The Hamilton and Cook families were originally from the Isle of Arran, Scotland, before moving to New Brunswick, Canada after the Highland “Clearances”. With hopes of achieving better profits for their farming and livestock, a few of these families moved again, this time to the Montezuma Hills of California, close to the newly established town of Rio Vista. In the late 1860’s James Hamilton began farming in the Montezuma Hills and was joined by Peter Hamilton in 1870. These two entrepreneurs farmed together and later each married daughters of Neil and Mary Currie Cook.
James and Margaret (Maggie) lived in the same ranch house that is lived in today by the fourth and fifth generations of their family. This Hamilton Ranch was eventually run by their sons; James, Ivan, and Neil. These three brothers farmed together until the early 1940s.
Neil and his bride Eva Pressley lived in the ranch house and raise their three sons: Neil Jr., Burrows (Pep), and David. Eva and Neil farmed together until Neil’s death in 1943. Eva, a graduate from the University of California, Berkeley, ran the ranch with the help of her very young sons and kind neighbors.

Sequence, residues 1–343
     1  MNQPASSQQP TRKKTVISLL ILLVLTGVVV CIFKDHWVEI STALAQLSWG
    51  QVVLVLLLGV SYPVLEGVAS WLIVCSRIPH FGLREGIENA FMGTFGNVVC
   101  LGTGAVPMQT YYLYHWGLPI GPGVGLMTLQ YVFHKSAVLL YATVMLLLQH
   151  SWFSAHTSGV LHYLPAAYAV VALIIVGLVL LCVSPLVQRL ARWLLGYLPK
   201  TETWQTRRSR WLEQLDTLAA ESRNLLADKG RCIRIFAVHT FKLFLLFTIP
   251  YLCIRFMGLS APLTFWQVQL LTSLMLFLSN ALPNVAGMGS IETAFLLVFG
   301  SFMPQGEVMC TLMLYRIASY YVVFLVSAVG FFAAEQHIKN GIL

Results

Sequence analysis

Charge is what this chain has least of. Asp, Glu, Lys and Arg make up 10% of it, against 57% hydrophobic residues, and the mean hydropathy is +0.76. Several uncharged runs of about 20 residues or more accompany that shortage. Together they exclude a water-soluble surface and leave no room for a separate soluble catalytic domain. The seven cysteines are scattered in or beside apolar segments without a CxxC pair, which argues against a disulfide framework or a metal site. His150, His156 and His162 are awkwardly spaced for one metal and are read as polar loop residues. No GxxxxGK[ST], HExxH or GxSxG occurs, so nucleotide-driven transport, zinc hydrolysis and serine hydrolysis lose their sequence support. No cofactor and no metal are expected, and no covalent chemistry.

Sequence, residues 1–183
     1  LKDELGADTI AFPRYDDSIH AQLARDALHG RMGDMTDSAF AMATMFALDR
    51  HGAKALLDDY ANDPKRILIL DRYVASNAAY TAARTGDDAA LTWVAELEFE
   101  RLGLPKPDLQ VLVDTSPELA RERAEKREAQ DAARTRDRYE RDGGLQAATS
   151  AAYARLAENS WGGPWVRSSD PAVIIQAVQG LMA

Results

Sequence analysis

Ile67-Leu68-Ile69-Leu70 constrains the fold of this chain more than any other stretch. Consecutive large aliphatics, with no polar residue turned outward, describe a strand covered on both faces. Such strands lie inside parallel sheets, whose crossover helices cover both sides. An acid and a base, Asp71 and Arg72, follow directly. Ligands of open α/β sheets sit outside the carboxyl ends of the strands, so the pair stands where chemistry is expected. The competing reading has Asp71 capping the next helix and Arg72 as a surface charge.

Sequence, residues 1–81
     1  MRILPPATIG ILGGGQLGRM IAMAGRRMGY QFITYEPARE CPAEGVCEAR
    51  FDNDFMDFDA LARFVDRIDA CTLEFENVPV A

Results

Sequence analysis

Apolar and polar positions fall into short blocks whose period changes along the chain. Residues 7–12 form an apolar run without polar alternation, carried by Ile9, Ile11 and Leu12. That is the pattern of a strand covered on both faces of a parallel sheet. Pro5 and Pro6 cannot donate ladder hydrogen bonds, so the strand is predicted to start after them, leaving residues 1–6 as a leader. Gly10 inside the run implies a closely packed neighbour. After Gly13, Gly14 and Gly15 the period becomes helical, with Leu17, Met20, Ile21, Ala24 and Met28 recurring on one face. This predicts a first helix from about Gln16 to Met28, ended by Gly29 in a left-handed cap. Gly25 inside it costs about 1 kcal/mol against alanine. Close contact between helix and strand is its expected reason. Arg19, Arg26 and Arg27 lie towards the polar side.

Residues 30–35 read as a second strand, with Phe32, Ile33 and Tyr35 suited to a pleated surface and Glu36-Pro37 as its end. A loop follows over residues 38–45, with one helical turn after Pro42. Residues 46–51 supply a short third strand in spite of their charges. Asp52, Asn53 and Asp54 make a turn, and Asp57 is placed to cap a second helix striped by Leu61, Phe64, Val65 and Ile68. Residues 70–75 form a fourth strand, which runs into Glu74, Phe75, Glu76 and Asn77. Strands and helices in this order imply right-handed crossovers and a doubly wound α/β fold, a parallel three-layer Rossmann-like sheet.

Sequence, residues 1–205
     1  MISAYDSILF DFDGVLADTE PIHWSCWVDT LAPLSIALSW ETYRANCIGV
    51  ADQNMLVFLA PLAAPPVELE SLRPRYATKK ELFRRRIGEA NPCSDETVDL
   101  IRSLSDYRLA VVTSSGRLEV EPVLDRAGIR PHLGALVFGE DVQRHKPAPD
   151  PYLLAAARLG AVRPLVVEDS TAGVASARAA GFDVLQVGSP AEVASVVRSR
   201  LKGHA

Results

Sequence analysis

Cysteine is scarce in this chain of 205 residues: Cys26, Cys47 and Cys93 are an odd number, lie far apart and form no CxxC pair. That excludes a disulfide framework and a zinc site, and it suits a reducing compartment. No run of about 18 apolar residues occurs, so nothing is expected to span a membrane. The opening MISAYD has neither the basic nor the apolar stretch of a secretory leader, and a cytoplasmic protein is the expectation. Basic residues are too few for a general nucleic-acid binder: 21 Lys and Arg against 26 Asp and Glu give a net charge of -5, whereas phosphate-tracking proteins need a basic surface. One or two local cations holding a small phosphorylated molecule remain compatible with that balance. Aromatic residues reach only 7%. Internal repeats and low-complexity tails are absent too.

Eva eventually turned over the reins to her industrious three sons who returned to the Hamilton Brothers business title. These amazing men grew their business to support their growing families. For decades they experimented with different farming techniques, crops and livestock genetics. They worked closely with Dr. Eric Bradford, Geneticist at U C Davis developing a sheep breed that thrives in California’s climate. They worked with Nature Conservancy to protect the Jepson Prairie. On Ryer Island, they grew sugar beets, almonds and asparagus in addition to the tomatoes, wheat, and alfalfa. Burrows’ son Richard became a partner of Hamilton Brothers in 1990.
After Burrows death in 2013, Neil Jr. decided that he wished to retire from Hamilton Brothers in 2014. David and Richard continued Hamilton Brothers with their new partner Stacy Hamilton, Rich’s wife.